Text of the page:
Recently in Internet Category
The Data Dilemma for Cell Phone Carriers: To Throttle or Not to Throttle? FTC Seeks to Answer by Suing AT&T Over Speed Limitations for Wireless Customers| Permalink
Benjamin Borden, MJLST Staff Member
Connecting to the Internet from a mobile device is an invaluable freedom in the modern age. That essential BuzzFeed quiz, artsy instagram picture, or new request on Friendster are all available in an instant. But suddenly, and often without warning, nothing is loading, everything is buffering, and your once treasured piece of hand-held computing brilliance is no better than a cordless phone. Is it broken? Did the satellites fall from the sky? Did I accidentally pick up my friend's blackberry? All appropriate questions. The explanation behind these dreadfully slow speeds, however, is more often than not a result of data throttling courtesy of wireless service providers. This phenomenon arises from the use of unlimited data plans on the nation's largest cell phone carriers. Carriers such as AT&T and Verizon phased out their unlimited data plans in 2010 and 2011, respectively. This came just a few years after requiring unlimited data plans for new smartphone purchases. Wireless companies argue that tiered data plans offer more flexibility and better value for consumers, while others suggest that the refusal to offer unlimited data plans is motivated by a desire to increase revenue by selling to data hungry consumers.
Despite no longer offering unlimited data plans to new customers, AT&T has allowed customers who previously signed up for these plans to continue that service. Verizon also allows users to continue, but refuses to offer discounts on new phones if they keep unlimited plans. Grandfathering these users into unlimited data plans, however, meant that wireless companies had millions of customers able to stream movies, download music, and post to social media without restraint, and more importantly, without a surcharge. Naturally, this was deemed to be too much freedom. So, data throttling was born. Once a user of an unlimited data plan goes over a certain download size, 3-5GB for AT&T in a billable month, their speeds are lowered by 80-90% (to 0.15 mbps in my experience). This speed limit makes even the simplest of smartphone functions an exercise in patience.
I experienced this data throttling firsthand and found myself consistently questioning where my so-called unlimited data had escaped to. Things I took for granted, like using Google Maps to find the closest ice cream shop, were suddenly ordeals taking minutes rather than seconds. Searching Wikipedia to settle that argument with a friend about the plot of Home Alone 4? Minutes. Requesting an Uber? Minutes. Downloading the new Taylor Swift album? Forget about it.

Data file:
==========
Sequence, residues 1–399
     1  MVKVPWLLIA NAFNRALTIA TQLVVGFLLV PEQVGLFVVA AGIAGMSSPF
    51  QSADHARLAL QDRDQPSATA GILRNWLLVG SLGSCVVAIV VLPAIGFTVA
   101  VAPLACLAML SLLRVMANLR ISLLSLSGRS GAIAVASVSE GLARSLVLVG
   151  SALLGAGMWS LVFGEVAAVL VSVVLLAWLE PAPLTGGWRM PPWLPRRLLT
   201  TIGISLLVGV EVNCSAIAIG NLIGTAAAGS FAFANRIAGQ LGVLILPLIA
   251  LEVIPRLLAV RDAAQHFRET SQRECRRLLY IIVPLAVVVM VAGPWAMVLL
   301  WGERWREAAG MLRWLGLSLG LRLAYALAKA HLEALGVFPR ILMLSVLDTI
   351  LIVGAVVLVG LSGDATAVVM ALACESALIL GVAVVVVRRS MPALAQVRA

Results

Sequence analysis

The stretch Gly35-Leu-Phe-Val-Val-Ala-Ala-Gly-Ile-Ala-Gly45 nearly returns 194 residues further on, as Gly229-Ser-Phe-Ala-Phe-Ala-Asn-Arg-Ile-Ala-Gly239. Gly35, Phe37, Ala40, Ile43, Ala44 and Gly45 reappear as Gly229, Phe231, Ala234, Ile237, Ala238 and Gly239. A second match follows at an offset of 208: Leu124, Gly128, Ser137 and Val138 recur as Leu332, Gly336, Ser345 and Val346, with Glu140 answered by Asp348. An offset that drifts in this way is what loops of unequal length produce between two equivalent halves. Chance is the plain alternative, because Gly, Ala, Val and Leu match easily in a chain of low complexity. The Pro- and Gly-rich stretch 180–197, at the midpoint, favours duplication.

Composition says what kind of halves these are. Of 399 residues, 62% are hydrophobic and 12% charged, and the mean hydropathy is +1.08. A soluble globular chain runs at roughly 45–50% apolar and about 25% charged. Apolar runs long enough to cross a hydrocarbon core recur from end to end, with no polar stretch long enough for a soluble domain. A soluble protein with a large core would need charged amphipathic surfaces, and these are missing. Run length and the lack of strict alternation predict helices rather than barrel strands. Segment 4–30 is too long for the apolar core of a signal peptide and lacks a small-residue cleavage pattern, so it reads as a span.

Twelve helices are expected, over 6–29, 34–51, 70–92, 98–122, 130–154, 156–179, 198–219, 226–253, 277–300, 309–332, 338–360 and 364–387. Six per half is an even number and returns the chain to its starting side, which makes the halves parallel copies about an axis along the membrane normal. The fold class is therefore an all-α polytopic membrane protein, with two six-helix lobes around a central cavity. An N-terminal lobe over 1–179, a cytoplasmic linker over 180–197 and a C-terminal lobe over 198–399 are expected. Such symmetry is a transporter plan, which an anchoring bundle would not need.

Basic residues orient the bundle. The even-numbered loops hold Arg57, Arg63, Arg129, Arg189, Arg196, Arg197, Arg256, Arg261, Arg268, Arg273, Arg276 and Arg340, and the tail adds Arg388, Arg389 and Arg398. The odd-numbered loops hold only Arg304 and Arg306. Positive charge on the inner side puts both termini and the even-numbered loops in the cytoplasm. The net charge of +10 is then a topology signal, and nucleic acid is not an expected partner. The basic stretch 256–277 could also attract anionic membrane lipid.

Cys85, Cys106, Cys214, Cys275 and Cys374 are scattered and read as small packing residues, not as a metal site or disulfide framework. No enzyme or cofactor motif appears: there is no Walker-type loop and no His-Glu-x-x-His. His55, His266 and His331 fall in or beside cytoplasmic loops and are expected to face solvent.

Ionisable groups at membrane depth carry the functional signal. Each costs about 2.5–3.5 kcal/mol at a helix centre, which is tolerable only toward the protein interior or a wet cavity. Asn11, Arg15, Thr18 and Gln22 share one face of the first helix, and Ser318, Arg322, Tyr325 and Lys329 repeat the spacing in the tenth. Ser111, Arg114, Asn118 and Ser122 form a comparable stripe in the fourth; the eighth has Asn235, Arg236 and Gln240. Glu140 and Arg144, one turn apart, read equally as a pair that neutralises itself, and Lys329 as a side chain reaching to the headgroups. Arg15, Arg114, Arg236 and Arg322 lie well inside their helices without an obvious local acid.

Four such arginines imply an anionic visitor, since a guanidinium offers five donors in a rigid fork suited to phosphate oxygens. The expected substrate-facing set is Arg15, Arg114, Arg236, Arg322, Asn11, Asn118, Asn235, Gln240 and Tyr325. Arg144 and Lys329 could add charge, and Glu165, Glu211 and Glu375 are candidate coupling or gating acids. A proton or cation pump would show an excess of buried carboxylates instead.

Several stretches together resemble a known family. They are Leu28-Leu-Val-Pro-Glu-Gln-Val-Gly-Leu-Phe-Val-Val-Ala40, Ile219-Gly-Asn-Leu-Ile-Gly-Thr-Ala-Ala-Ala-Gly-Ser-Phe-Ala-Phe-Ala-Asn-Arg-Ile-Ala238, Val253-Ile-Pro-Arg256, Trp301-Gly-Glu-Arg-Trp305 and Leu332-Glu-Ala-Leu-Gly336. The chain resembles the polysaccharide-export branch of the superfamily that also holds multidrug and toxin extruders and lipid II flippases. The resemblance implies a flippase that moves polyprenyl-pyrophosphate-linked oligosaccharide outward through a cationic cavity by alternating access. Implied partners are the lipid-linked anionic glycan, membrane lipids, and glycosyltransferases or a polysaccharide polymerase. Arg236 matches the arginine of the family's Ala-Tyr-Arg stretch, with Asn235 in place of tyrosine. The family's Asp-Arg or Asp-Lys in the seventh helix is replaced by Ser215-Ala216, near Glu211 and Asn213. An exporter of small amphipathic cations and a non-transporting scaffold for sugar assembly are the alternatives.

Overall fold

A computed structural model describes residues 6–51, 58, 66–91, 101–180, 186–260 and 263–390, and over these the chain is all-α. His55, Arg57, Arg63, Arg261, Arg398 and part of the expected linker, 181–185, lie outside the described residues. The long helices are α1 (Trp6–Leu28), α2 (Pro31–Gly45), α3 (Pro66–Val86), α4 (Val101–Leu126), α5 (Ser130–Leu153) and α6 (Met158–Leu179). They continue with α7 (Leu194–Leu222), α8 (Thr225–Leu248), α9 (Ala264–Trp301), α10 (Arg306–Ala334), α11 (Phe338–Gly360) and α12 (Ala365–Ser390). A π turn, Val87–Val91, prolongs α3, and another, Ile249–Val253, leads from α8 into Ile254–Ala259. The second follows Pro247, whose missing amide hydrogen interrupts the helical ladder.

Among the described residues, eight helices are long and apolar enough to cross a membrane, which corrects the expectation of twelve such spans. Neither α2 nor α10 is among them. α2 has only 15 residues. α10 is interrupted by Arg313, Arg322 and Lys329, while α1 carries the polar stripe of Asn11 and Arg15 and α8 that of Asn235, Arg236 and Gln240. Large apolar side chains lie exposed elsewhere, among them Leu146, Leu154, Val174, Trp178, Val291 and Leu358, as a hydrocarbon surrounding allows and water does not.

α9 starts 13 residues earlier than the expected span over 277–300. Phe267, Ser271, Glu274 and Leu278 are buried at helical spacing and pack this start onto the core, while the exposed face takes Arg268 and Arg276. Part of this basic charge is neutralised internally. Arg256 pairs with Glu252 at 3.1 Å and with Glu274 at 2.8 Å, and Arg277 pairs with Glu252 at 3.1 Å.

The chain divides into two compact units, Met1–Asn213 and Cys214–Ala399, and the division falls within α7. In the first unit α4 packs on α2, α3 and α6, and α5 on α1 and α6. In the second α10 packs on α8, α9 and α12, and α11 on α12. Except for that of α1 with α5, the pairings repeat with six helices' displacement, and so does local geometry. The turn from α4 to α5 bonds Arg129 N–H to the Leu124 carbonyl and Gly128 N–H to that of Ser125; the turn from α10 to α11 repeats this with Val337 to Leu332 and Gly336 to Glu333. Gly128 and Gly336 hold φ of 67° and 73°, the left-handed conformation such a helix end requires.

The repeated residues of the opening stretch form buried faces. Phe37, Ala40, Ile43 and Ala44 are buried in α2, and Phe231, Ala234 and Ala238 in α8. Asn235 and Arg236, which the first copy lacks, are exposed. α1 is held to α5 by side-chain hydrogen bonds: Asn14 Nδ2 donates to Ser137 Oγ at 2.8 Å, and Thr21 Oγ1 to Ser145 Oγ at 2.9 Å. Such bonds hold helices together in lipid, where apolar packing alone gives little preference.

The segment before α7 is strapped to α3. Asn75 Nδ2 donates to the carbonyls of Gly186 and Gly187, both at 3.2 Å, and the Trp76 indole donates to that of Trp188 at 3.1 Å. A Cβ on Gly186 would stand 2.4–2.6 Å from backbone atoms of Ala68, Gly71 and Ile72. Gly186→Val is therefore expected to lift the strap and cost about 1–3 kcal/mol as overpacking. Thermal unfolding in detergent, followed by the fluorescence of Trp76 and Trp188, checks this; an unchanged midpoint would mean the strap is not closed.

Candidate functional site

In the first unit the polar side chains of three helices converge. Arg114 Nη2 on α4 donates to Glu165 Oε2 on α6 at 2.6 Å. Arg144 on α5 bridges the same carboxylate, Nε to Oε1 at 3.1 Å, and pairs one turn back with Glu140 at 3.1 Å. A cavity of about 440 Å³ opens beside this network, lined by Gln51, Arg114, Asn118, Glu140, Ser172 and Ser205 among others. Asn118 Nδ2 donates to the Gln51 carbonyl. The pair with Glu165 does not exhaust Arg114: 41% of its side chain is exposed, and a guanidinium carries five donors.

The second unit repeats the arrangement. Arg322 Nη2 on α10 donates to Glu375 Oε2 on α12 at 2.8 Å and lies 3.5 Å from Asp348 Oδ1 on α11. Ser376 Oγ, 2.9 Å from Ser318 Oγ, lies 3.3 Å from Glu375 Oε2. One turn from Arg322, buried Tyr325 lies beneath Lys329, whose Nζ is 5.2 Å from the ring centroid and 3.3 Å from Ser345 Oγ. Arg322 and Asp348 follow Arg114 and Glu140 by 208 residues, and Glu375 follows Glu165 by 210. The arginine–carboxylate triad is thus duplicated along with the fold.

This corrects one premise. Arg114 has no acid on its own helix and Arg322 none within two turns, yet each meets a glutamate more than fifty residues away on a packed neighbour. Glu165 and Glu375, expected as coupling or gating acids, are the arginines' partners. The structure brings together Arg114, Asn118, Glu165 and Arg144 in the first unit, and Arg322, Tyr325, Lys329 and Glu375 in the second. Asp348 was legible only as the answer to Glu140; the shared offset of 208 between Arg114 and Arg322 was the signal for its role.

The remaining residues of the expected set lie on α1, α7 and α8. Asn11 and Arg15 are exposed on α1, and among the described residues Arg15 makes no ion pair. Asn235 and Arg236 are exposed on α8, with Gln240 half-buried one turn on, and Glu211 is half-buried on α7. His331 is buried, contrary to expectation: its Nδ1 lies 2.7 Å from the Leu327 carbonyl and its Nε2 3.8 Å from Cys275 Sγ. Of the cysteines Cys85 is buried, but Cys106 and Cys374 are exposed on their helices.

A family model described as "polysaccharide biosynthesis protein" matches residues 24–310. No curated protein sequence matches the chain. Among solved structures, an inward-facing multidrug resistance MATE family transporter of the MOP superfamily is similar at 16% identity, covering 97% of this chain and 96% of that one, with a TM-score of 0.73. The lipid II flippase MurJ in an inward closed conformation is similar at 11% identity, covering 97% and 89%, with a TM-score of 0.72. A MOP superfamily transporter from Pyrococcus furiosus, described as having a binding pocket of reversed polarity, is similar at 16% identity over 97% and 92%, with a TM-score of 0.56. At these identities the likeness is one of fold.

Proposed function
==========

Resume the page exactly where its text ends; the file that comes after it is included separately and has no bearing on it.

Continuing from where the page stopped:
The Federal Trade Commission (FTC) understands this pain and wants to recoup the losses of consumers who were allegedly duped by the promise of unlimited data, only to have their usage capped. As a result, the FTC is suing AT&T for misleading millions of consumers about unlimited data plans. After recently consulting with the Federal Communications Commission (FCC), Verizon decided to abandon its data throttling plans. AT&T and Verizon argue that data throttling is a necessary component of network management. The companies suggest that without throttling, carrier service might become interrupted because of heavy data usage by a small group of customers.
AT&T had the opportunity to settle with the FTC, but indicated that it had done nothing wrong and would fight the case in court. AT&T contends that its wireless service contracts clearly informed consumers of the data throttling policy and those customers still signed up for the service. Furthermore, there are other cellular service options for consumers that are dissatisfied with AT&T's terms. These arguments are unlikely to provide much solace to wireless customers shackled to dial-up level speeds.
If there is a silver lining though, it is this: with my phone acting as a paperweight, I asked those around me for restaurant recommendations rather than turning to yelp, I got a better understanding of my neighborhood by finding my way rather than following the blue dot on my screen, and didn't think about looking at my phone when having dinner with someone. I was proud. Part of me even wanted to thank AT&T. The only problem? I couldn't tweet @ATT to send my thanks.
FCC Issues Notice of Proposed Rulemaking to Ensure an Open Internet, Endangers Mid-size E-Commerce Retailers| Permalink
Emily Harrison, MJLST Staff
The United States Court of Appeals for the D.C. Circuit twice struck down key provisions of the Federal Communication Commission's (FCC) orders regarding how to ensure an open Internet. The Commission's latest articulation is its May 15, 2014 notice of proposed rulemaking, In the Matter of Protecting the Open Internet. According to the proposed rulemaking, it seeks to provide "broadly available, fast and robust Internet as a platform for economic growth, innovation, competition, free expression, and broadband investment and deployment." The notice of proposed rulemaking includes legal standards previously affirmed by the D.C. Circuit in Verizon v. FCC, 740 F.3d 623 (2014). For example, the FCC relies on Verizon for establishing how the FCC can utilize Section 706 of the Telecommunications Act of 1996 as its source of authority in promulgating Open Internet rules. Additionally, Verizon explained how the FCC can employ a valid "commercially reasonable" standard to monitor the behavior of Internet service providers.